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Bob Raissman calls Keith Hernandez "fanboy" for his coverage of Matt Harvey

The wry and colorful former MVP Keith Hernandez has been called many things for his work in the Mets' broadcast booth, "fanboy" has rarely been one of them.

In his column today, Bob Raissman of the Daily News gives us all something to think about when watching tonight's highly anticipated match-up between Mets phenom Matt Harvey and Nationals ace Stephen Strasburg: Is Keith Hernandez enjoying himself too much?

Raissman contends that in Harvey's recent dominating start against the Minnesota Twins, Hernandez was less analyst than fanboy. That is a powerful accusation as the Mets' TV booth has long been renowned as skilled, entertaining, and even-handed.

To support his assertion, Raissman notes that Hernandez said that he enjoyed watching Harvey pitch, and later relayed a conversation with a Twins broadcaster in which he referred to Harvey with a possessive pronoun.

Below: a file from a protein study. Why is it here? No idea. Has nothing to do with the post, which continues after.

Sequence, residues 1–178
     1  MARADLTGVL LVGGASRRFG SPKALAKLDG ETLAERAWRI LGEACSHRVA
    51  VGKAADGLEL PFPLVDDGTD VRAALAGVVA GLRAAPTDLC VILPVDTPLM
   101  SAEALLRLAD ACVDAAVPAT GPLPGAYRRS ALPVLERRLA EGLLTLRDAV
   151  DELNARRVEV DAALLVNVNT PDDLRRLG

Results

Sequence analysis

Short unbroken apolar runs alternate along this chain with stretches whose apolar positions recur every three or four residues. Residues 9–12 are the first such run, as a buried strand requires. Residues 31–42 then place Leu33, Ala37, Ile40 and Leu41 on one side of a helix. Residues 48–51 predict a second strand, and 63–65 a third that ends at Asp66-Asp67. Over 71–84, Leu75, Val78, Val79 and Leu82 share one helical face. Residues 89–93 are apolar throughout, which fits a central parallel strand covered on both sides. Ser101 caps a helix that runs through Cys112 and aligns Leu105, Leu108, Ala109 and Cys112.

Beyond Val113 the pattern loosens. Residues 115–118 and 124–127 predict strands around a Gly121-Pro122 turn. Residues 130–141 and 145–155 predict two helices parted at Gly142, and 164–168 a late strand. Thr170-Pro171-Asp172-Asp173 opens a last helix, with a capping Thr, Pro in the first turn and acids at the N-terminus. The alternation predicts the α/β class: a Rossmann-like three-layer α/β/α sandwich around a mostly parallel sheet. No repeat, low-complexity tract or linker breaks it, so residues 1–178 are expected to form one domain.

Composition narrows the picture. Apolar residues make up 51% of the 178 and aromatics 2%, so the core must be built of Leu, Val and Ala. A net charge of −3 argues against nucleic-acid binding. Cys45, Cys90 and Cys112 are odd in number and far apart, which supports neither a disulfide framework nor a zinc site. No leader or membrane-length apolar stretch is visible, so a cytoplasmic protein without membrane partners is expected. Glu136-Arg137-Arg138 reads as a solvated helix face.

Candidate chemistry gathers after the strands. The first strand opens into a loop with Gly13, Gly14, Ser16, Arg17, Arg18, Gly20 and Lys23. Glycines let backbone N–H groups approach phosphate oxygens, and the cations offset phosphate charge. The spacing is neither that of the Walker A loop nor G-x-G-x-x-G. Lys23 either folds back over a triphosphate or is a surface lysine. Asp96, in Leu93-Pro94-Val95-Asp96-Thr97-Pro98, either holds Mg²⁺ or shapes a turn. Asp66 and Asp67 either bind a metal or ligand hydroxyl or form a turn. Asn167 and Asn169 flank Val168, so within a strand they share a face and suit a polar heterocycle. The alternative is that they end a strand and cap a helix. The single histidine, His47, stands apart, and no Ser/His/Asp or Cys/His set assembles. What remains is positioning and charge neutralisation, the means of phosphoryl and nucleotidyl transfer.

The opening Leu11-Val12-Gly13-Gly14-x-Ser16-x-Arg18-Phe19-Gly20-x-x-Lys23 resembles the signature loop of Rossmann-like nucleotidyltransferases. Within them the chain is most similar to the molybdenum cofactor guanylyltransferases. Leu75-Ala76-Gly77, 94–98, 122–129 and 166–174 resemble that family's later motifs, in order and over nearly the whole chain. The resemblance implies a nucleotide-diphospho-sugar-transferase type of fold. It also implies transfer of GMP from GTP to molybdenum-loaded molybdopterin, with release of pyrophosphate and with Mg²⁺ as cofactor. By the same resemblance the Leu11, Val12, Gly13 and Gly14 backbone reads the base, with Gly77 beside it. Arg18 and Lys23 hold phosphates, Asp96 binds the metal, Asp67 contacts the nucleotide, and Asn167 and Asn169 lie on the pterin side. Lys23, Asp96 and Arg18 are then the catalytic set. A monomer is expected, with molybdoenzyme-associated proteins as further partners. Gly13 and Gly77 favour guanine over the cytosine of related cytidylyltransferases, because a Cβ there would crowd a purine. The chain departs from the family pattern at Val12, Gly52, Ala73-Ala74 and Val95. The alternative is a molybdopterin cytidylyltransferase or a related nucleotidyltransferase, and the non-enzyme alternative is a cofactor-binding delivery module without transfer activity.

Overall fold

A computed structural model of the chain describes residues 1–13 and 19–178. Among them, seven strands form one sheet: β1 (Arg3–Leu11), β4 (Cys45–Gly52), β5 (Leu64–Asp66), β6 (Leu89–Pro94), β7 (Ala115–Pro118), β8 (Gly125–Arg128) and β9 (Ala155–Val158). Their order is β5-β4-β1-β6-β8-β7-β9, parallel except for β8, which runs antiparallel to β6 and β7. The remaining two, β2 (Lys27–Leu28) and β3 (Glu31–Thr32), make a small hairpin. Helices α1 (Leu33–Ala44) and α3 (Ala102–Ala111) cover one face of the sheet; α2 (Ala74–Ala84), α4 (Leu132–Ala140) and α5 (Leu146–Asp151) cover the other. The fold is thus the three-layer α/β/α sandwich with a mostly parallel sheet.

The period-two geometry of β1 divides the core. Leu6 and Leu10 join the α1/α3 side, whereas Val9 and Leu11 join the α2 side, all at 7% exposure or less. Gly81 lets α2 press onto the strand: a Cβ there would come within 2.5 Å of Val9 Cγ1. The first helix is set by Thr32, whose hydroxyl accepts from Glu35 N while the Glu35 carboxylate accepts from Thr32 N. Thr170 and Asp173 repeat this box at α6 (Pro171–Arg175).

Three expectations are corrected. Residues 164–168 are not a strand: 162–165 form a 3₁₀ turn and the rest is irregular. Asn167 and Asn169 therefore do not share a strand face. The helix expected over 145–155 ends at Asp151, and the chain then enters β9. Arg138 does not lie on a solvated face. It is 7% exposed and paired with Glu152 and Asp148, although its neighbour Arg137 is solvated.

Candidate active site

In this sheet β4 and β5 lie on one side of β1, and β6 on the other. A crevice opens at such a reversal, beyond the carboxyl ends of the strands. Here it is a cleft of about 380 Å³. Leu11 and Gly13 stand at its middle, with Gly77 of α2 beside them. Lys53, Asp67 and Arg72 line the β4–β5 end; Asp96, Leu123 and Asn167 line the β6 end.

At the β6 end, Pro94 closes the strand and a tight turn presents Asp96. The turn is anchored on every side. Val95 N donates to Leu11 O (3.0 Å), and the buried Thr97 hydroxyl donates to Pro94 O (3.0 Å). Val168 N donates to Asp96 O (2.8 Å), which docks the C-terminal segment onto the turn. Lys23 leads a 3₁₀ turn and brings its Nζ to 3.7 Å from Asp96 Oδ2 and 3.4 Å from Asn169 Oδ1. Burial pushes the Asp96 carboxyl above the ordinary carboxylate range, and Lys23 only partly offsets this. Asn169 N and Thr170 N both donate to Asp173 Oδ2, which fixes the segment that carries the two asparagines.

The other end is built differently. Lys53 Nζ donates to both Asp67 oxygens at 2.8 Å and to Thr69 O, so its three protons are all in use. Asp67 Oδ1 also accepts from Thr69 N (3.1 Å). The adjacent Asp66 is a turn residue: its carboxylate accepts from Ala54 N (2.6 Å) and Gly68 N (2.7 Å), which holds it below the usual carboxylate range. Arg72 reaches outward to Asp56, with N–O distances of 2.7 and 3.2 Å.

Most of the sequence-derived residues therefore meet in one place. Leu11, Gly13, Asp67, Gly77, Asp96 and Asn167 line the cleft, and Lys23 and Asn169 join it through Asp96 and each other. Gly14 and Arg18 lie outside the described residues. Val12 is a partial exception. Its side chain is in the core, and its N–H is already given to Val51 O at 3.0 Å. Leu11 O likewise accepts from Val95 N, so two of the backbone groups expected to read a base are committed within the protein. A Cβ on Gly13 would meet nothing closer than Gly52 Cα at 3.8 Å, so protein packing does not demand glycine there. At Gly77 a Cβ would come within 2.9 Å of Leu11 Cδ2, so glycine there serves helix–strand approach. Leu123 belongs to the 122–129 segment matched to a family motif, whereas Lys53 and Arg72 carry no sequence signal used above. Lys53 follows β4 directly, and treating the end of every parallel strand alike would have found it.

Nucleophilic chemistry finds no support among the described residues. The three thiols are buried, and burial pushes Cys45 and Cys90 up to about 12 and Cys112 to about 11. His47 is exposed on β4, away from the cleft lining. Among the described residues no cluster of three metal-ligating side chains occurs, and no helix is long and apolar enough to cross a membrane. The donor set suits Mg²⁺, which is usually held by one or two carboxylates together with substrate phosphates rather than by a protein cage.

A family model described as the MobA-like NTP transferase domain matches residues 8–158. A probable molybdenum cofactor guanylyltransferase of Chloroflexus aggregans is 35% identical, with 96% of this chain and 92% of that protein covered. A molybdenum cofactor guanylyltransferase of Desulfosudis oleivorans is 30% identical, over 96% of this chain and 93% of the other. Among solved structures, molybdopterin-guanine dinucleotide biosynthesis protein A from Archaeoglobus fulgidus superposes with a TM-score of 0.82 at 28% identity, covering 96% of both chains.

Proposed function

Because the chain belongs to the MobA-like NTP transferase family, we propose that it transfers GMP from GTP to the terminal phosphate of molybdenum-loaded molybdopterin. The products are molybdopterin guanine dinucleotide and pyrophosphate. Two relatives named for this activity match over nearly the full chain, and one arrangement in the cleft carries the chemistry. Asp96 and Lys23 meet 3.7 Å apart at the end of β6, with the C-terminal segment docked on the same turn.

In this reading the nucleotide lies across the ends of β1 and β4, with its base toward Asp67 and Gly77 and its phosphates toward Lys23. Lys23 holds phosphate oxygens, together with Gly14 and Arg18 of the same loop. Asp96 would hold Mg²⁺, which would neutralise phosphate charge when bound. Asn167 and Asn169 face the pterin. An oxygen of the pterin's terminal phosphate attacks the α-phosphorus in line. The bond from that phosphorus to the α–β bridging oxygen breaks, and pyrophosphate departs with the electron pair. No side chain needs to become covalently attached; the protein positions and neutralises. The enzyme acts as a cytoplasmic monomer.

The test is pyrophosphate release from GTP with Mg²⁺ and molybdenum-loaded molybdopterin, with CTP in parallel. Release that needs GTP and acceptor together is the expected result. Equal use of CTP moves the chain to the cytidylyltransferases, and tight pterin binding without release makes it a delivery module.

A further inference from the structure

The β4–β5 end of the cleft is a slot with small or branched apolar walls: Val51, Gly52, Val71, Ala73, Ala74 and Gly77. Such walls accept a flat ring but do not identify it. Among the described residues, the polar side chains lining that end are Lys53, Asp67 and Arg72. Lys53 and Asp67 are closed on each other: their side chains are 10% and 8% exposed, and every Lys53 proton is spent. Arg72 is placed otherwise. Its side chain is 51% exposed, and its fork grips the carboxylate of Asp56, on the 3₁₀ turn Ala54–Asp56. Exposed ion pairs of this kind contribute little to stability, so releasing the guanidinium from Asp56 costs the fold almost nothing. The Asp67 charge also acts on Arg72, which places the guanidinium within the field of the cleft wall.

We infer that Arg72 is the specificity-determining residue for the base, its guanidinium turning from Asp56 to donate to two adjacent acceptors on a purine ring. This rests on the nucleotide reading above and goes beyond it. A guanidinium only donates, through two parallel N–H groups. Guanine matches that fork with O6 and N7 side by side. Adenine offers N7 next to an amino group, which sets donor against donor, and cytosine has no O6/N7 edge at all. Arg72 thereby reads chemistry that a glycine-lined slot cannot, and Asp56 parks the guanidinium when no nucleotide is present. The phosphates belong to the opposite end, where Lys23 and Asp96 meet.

Beyond those examples, Raissman mentions Keith's general tone, contrasting it with his usual "cool" delivery, and contending that it impeded the viewer's understanding of the game. But what he fails to recognize is that hearing an often detached baseball lifer left utterly impressed confirms that what you're watching is truly special. There was no homerism on Saturday, just a person who has lived baseball from every angle taking joy in watching one of the best young arms in the game. You shouldn't want to deny anyone that, even if he sits in front of a microphone. Moreover, it seemed clear that Keith cared more about the cut on Harvey's slider than the colors on his jersey.

Raissman's piece diagnoses a non-existent problem. Analysts should provide passion, context, and, when appropriate, awe. Keith Hernandez added all three to Sunday's broadcast and made it more fun to watch.

We are all going to enjoy the game tonight. I will, you will, I bet Bob Raissman will, too. And if there's a superlative pitching performance, no matter who gives it, I fully expect Keith Hernandez will let us know that he likes what he sees. His job is to help us analyze and appreciate the game as it unfolds, and sometimes that even includes enjoying it.